British sports car builder Lotus has come a long way since Colin Chapman founded it more than 70 years ago. Yes, the brand’s changed hands several times over its lifespan, but its mission has always stayed true to Chapman’s pursuit of the perfect race car—only slightly tweaked to be a bit more road-friendly and, most importantly, road legal. This holds especially true when it comes to the upcoming Lotus Emira, which will leverage its parent company’s industrial might in order to be a hit with new customers.
In 2017, Lotus was bought by Geely, a Chinese group that holds an assorted bag of automotive brands. This move gave Lotus an arsenal of parts at its disposal, helping to keep the carmaker afloat and its products, more affordable. In an exclusive interview with The Drive, Lotus Cars’ Managing Director Matt Windle recently revealed that the automaker relied on this strategy while building the all-new Emira, reaching into the Geely’s “supermarket” of parts to build the car. You can read the full interview here.
“We’ve gone to Volvo to license parts,” said Windle. “There are Volvo parts on the Emira, column stalks and things like that.”
Lotus aside, Geely’s assortment of brands includes Volvo, Polestar, Smart, and more. One benefit of being owned by a company with multiple brands under its belt is technology sharing.
“There’s the supermarket of parts that are out there on the shelf, if you like. Technologies across the group,” Windle told The Drive. “The most simple way of explaining it is if you went to another OEM, you would have to pay to go into that supermarket. With us, we’re able to walk into the supermarket, have a look at the products that are on the shelf. Then if we want some, we buy them. We license it, we share that technology.”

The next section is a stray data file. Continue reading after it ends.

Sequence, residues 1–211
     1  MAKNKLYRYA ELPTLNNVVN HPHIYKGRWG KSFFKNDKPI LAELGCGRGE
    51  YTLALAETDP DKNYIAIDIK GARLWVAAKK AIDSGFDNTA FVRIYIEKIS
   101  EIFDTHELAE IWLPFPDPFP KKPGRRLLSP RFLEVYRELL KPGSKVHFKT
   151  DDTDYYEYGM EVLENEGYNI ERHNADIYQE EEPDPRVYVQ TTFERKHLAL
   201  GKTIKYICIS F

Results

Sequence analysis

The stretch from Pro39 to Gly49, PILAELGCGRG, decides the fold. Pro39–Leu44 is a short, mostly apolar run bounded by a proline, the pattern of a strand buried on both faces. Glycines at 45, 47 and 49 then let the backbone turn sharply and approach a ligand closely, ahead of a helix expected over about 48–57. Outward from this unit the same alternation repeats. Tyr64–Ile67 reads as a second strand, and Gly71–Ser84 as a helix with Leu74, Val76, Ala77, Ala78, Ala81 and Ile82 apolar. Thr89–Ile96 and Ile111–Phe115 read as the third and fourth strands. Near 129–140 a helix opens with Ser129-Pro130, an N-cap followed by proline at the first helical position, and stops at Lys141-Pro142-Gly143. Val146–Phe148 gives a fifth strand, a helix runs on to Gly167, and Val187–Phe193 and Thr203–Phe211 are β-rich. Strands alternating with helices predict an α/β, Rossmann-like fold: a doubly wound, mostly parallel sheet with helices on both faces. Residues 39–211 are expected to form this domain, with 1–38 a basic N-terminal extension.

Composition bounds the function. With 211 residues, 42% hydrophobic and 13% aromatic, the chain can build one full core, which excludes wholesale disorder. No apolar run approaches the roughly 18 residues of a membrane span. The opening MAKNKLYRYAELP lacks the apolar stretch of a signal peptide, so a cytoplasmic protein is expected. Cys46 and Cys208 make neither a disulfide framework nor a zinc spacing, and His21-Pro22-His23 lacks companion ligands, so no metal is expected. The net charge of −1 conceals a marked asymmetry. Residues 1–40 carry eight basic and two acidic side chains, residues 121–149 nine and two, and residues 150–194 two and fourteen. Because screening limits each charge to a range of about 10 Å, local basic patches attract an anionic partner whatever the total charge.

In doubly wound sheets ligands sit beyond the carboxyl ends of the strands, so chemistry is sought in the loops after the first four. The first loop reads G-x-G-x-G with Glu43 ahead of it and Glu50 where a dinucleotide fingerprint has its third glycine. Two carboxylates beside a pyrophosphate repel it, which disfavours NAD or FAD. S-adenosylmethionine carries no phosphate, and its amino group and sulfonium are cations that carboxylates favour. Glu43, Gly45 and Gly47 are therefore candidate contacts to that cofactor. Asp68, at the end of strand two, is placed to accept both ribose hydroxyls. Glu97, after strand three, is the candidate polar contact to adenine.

And while Lotus often looks within Geely’s supermarket, it’s not limited to just bringing in technology built by its sibling brands. A perfect example of cost-savings while sourcing outside of the brands is the Emira’s powerplant. Lotus knew that it needed to make the Emira a proper send-off for the internal combustion engine, but it also needed to be affordable. Y’know, a car that emphasized the brand’s fun factor, but also something that could potentially park a Lotus in more garages around the world thanks to a lower entry price.
Lotus ultimately partnered with AMG to offer a 360-horsepower, 2.0-liter turbocharged four-cylinder engine in the Emira. This gives buyers the option for a potent, hand-built engine paired with a dual-clutch transmission—all within a package starting under $80,000. Of course, there are other options too, including a tried-and-true, supercharged Toyota V6.
“We did go and look at the group first, but we just felt there was nothing in the group that we wouldn’t have to develop further to give it what we needed for the sporty engine that we’re looking for,” said Windle. “We were working in parallel, looking for engines that are out in the market. When AMG said they were willing to work with us on it, it’s pretty hard to look past it. It’s a fantastic engine.”
That AMG four-cylinder detail goes to show that the Lotus internal combustion send-off isn’t meant to be a fire-breathing supercar—or even electric hypercar for that matter. Instead, it capitalizes on corporate synergies to deliver a more mainstream, usable, fun-to-drive, high-performance car.
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